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Real estate body must clarify guidelines for online property ads

While I welcome the Council for Estate Agencies (CEA) initiative to launch an online guide on foreign property purchases, I also call on the organisation to review its guidelines for online advertisements.

TODAY file photo

TODAY file photo

While I welcome the Council for Estate Agencies (CEA) initiative to launch an online guide on foreign property purchases, I also call on the organisation to review its guidelines for online advertisements.

Traditionally, newspaper classified adverts have been the main platform for properties on sale. In this Internet age, though, many buyers rely on search engines to find out about the latest launches.

For example, Google AdWords, which are text adverts consisting of limited characters, is becoming a popular channel. It is regarded as the online equivalent of classified adverts. Unfortunately, the CEA’s guidelines lack clarity pertaining to AdWords.

The CEA says the salesperson’s name, registration number and contact number, as well as the estate agent’s name and licence number, must be stated in all adverts, including online, with the exception of classified adverts.

But there are countless variations of online adverts. The term “online advertising” is too broad. It would help if the CEA could clarify the following: Does online advertising include AdWords?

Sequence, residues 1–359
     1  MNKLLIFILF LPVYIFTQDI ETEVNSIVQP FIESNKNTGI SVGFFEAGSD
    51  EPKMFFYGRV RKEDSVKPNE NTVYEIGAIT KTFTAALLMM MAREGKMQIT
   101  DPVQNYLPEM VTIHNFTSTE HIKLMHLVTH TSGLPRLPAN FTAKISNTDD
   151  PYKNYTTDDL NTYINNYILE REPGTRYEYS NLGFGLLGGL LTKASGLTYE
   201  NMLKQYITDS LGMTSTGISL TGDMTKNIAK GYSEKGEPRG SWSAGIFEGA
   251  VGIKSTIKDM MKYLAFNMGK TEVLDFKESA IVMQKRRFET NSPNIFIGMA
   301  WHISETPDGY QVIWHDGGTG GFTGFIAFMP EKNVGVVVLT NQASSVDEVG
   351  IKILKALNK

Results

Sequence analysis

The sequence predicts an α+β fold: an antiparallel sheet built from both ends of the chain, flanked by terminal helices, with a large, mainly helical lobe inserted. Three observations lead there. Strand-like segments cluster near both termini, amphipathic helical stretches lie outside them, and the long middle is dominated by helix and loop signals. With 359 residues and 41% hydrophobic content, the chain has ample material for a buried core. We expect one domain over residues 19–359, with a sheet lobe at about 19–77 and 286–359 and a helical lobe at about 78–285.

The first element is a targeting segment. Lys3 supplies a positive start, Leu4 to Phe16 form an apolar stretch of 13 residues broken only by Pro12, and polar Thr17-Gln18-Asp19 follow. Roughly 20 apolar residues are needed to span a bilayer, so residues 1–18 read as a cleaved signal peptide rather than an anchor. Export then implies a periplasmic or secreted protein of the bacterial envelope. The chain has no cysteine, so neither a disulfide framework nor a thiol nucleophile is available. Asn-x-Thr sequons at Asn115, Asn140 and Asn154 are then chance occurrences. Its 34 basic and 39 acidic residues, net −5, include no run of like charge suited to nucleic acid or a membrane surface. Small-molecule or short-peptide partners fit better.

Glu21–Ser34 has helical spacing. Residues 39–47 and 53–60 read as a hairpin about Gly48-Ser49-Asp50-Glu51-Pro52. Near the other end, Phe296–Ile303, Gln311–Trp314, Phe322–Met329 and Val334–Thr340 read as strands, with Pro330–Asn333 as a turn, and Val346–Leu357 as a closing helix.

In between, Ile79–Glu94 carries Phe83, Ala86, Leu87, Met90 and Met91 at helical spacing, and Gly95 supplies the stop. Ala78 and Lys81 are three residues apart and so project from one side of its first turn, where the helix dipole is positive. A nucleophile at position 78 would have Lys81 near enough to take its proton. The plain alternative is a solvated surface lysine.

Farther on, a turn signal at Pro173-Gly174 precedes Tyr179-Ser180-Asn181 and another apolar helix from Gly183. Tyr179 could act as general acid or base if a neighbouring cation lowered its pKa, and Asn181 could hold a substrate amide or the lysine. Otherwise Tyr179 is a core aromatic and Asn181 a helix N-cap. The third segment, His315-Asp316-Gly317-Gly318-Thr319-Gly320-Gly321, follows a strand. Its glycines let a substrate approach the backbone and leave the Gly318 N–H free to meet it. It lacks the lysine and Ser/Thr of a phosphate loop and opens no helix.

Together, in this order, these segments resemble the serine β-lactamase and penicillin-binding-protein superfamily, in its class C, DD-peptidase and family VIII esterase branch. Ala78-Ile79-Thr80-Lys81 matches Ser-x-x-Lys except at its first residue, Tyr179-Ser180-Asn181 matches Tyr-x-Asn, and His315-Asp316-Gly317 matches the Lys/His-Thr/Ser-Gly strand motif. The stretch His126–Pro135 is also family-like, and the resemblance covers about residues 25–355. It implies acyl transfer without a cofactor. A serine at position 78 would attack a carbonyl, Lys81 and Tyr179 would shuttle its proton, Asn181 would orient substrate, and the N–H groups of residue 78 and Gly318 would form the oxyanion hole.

If so, is it reasonable to insist on the aforementioned details of the salesperson and estate agent in an advert limited to a 25-character headline and two 35-character text lines? If the CEA requires so much information in a short-text advert, would this not penalise salespersons and estate agents with long names?

In classified adverts, the registration and licence numbers and the estate agent’s name are not required. Logically, should not the same considerations be applied to AdWords?

A quick Google search would reveal numerous AdWords results that omit the required information. There are two possibilities: Either the salespersons are unaware of the guidelines or the CEA’s requirements are too vague. The CEA should keep up with technology.

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